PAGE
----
Alfalfa (Medicago sativa) varieties with antibiosis-based resistance to the root-lesion nematode (Pratylenchus penetrans), a migratory endoparasite of many crops, have been developed by recurrent selection. Individual plants from these varieties that support significantly lower nematode reproduction were identified for molecular and biochemical characterization of defense responses. Before nematode infection, RNA blot analysis revealed 1.3–1.8-fold higher phenylpropanoid pathway mRNA levels in roots of three resistant plants as compared to three susceptible alfalfa plants. The mRNAs encoded the first enzyme in the pathway (phenylalanine ammonia-lyase), the first in the pathway branch for flavonoid biosynthesis (chalcone synthase), a key enzyme in medicarpin biosynthesis (isoflavone reductase) and a key enzyme in the pathway branch for biosynthesis of lignin cell wall precursors (caffeic acid O-methyltransferase). After nematode infection, the mRNAs declined over 48 h in resistant roots but rose in susceptible plants during the first 12 h after-infection and then declined. Acidic β-1,3-glucanase mRNA levels were initially similar in both root types but accumulated more rapidly in resistant than in susceptible roots after nematode infection. Levels of a class I chitinase mRNA were similar in both root types. Histone H3.2 mRNA levels, initially 1.3-fold higher in resistant roots, declined over 6–12 h to levels found in susceptible roots and remained stable in both root types thereafter. Defense-response gene transcripts in roots of nematode-resistant and susceptible alfalfa plants thus differed both constitutively and in inductive responses to nematode infection. HPLC analysis of isoflavonoid-derived metabolites of the phenylpropanoid pathway revealed similar total constitutive levels, but varying relative proportions and types, in roots of the resistant and susceptible plants. Nematode infection had no effect on isoflavonoid levels. Constitutive levels of the phytoalexin medicarpin were highest in roots of the two most resistant plants. Medicarpin inhibited motility of P. penetrans in vitro.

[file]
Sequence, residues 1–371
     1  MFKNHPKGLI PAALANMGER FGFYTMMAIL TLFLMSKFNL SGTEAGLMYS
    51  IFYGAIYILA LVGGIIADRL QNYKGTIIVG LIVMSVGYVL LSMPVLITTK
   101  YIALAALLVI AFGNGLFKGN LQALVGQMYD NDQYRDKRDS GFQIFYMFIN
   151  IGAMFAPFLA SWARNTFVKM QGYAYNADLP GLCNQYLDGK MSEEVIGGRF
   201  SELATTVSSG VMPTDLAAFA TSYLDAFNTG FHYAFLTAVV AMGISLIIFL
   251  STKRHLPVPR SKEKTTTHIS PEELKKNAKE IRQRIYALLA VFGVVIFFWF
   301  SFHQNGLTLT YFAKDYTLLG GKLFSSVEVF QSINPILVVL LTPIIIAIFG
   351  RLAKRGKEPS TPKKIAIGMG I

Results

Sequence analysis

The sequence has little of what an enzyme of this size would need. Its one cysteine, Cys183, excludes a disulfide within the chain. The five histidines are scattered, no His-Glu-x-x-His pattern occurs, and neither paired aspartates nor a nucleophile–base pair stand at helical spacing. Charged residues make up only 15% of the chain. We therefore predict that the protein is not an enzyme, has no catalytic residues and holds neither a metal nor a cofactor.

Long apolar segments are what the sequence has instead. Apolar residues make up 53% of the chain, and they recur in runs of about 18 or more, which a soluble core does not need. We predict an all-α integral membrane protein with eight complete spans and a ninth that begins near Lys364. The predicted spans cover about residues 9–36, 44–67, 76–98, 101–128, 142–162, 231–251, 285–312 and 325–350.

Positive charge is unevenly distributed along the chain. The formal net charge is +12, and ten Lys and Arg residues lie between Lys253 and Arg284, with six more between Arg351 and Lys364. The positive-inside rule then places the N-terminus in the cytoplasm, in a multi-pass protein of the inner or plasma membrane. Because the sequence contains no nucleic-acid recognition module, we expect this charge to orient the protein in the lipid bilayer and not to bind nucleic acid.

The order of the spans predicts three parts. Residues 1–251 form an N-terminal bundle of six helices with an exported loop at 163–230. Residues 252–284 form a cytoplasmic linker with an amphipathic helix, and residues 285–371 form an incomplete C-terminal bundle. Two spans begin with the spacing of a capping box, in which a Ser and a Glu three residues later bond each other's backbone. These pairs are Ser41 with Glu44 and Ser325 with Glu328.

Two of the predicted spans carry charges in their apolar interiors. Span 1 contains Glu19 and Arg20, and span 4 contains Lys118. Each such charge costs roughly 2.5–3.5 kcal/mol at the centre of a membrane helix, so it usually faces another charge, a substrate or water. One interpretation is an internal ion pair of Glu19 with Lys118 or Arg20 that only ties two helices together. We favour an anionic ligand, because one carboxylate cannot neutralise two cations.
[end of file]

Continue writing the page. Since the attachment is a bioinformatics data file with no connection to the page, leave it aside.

Plant Molecular Biology – Springer Journals
Published: Oct 6, 2004
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